About one-fourth of homes in the United States have a septic system. That means approximately 26 million people have septic tanks in place of using city sewer lines.
A septic system handles waste management for homes in rural areas. Rural homes (for various reasons) may not connect to city sewers, and their wastewater can not be treated by municipal treatment centers.
Septic systems are self-contained, so it’s important they work properly. Septic tank problems can become a major issue. That’s why it’s important that you know how to handle a clogged septic line.
Ideally, you’d call someone to handle the issue, but if you’re unable to get professional help, we’ve got a few tips on how to unclog a septic tank. Read on if you’d like to know more.
Clogged Drain vs. Clogged Septic Line
Your septic tank is a reservoir of all your house’s collected wastewater. The tank has a pipe at the top that empties all the water into a drain field (usually next to the septic tank) when the tank becomes full.
If the drain field pipe gets clogged, the tank becomes overfull and you’ll end up with sewage backup. The resulting damage could become a large expense that you don’t want to deal with.
But, before you attempt to handle a clogged septic line, you need to be sure that that’s what the issue is. It could be that you’re dealing with a clogged drain instead.
Clogged Drain vs. Septic Line: What’s the Difference?
The best way to tell if you’re dealing with a clogged drain is how simple the problem is to repair. A clogged (or slow) drain is often fixable by eliminating the plumbing backup inside your house.
A slow or clogged drain usually happens inside the drain-waste-vent system because of how much use it gets on a daily basis. Accumulation of foreign substances in the pipes could also be the culprit.
Symptoms of a Clogged Line
If the clog occurs outside your home, repairing the issue becomes more involved than getting rid of what’s blocking your pipes.
Your septic system is a network of parts working together. If one part isn’t working, the entire system comes to a halt. One sign someone’s got to unclog a septic tank is a clogged baffle.
Septic tanks have two baffles. The inlet baffle’s job is to get wastewater into the tank. The outlet baffle keeps solids separated and out of the drain field.
A clog in the inlet or outlet baffle can slow or stop water drainage. When we said “someone” has got to unclog a blocked baffle, it’s likely not going to be you.
Clogged baffles aren’t fixable with chemical unclogging agents. You’ll need to call a professional for the job.
Pipe Damage and Drainfield Failure
Septic tank problems can also arise from the pipe out of your home into the septic system. This “main sewer line” is not only prone to clogs, but damage like pressure from heavy equipment, root invasion, and earthquakes.
Main sewer lines in older homes are even more susceptible to damage because they’re made of clay. Clay pipes are not made to withstand heavy damage and are very brittle.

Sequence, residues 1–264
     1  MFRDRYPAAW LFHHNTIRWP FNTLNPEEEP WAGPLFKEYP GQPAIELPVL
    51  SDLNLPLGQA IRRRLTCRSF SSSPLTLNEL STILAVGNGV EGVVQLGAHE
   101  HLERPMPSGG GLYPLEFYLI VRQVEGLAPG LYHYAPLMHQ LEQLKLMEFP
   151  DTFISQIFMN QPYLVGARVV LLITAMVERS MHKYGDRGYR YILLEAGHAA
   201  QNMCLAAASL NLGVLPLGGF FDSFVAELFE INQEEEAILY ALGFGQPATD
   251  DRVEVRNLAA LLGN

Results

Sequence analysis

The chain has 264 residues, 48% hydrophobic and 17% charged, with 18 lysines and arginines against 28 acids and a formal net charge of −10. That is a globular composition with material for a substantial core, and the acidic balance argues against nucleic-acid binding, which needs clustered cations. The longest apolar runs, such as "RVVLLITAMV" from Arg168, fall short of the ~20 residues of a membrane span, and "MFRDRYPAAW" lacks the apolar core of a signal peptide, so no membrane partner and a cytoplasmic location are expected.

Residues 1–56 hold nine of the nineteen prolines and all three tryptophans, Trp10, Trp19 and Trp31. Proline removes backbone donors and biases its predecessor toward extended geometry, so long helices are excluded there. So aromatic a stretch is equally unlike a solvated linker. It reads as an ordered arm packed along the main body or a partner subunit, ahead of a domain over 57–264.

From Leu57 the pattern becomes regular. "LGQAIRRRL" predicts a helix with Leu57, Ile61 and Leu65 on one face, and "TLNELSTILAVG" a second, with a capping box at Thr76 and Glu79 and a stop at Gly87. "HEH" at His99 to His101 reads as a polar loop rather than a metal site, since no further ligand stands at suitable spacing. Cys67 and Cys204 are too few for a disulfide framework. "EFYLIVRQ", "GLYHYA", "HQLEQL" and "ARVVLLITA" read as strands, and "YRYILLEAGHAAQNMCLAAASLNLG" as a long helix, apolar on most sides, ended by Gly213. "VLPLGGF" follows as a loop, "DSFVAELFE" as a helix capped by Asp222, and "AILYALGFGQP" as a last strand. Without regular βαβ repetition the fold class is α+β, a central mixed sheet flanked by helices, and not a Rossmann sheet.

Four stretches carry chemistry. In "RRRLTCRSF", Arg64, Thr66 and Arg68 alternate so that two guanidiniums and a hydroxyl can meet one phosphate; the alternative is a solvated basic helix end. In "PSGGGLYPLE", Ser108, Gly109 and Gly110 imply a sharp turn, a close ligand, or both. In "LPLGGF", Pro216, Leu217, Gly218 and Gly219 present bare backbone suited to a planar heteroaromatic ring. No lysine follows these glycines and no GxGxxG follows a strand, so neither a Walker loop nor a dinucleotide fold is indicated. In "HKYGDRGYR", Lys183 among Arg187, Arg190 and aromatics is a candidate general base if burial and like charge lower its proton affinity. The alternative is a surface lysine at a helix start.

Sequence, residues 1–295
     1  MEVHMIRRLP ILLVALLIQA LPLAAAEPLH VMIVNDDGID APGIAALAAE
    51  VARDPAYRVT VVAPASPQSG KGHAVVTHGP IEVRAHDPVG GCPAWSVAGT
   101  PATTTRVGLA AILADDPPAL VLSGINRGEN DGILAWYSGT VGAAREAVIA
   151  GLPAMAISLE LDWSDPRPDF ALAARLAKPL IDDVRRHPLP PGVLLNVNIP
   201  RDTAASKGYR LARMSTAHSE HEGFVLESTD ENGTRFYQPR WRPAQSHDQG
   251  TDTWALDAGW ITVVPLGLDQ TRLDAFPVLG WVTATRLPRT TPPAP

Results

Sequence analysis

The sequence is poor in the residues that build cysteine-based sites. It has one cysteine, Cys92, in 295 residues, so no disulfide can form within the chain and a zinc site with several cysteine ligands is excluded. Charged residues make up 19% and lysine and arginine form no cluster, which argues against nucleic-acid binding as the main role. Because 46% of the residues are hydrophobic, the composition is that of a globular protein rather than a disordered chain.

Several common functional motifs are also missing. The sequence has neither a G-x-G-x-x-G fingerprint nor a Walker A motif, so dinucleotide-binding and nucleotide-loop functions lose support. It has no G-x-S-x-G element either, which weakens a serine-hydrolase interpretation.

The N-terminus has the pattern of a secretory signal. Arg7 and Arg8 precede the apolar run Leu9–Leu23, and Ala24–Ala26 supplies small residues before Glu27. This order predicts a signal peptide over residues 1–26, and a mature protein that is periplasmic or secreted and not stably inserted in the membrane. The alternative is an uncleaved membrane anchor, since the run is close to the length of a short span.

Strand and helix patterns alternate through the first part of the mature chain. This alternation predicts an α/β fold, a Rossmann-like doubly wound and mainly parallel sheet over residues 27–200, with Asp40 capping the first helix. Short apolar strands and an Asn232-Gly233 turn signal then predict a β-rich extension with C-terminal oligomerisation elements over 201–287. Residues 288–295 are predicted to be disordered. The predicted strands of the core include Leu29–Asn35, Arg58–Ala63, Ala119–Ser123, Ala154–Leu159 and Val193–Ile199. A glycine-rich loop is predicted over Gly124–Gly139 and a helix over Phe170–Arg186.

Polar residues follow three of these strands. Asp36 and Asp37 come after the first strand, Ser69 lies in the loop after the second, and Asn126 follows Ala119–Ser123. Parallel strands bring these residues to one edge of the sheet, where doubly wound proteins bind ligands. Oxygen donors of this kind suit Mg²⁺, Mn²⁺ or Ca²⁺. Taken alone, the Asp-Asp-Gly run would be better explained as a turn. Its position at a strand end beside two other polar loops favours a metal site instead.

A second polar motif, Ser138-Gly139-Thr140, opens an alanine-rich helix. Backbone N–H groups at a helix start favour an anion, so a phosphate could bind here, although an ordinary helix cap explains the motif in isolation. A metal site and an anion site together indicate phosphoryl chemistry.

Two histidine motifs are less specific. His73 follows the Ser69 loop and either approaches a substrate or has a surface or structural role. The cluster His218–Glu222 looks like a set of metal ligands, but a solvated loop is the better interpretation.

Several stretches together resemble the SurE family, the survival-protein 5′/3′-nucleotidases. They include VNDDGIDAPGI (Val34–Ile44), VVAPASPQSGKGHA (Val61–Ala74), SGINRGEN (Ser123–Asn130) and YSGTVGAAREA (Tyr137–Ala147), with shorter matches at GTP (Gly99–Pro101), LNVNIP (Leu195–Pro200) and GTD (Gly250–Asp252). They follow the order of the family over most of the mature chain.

It could also be that your drain field is too old or damaged to support your septic system anymore. A septic tank is only built to last about a decade before you need a new drain field built elsewhere on your property.
Damage can occur from too much solid waste clogging the drain field or compaction. Compaction happens when too much weight is constantly crushing down the pipes.
Constant walking, driving, or parking on top of the pipes may lead to compaction.
How to Unclog a Septic Tank
The first thing you can do is try to break assessable clogs apart on your own. Lift the nearest access lid to your home and check if anything is blocking the white (or green) pipe inside. If there is, you may have found your clog.
If there’s septic scum on the end of the inlet pipe, remove it with a long, stick or pole. Make sure you wear gloves while clearing away any clogs. Try to push as much scum away from the pipe as possible to allow water to flow.
If water flows out the pipe, you’ve cleared the clog. The clog may be deeper inside – if it is, poke the pole you’re using as far into the pipe as possible and scrape along the edges.
You should be able to break a clog at the bottom of the pipe apart with the stick. If water flows out, you’ve cleared the blockage.
If water doesn’t flow away from the pipe during your prodding, the blockage is either deeper in or it’s somewhere inaccessible. Once you’re done, put the access cover back on the septic tank.
Make sure you clean the tools you’ve used with bleach and water. Take a shower immediately after you’ve finished to ensure there are no stray bacteria on you.
It’s also important to launder the clothes you were working in during your efforts to unclog the tank.
Call a Professional
You may have expected us to say “call a professional” if you’ve got septic tank problems. You’re not wrong, calling a professional may be the best move.
Even after removing the blockage, the septic system may clog back up immediately afterward. You should contact a septic service team to take care of the issue within five days.
Waiting any longer than five days severely increases the chances of sewage backup into your home. A professional service will empty the tank so you don’t suffer another clogged septic line thanks to scum.
Septic System Need Repair?
It is possible to diagnose and resolve clogged septic lines and drains on your own. A clogged drain can be resolved with chemical unclogging agents. Clogged septic lines, however, may be best handled by professionals.
You can unblock accessible clogs yourself, but it may be easier to let the pros do the job. Luckily, you can contact Master Plumbing for any issues with your septic system.
We offer a 24/7 emergency system and can help with any plumbing issue in Boise and the surrounding Idaho areas. v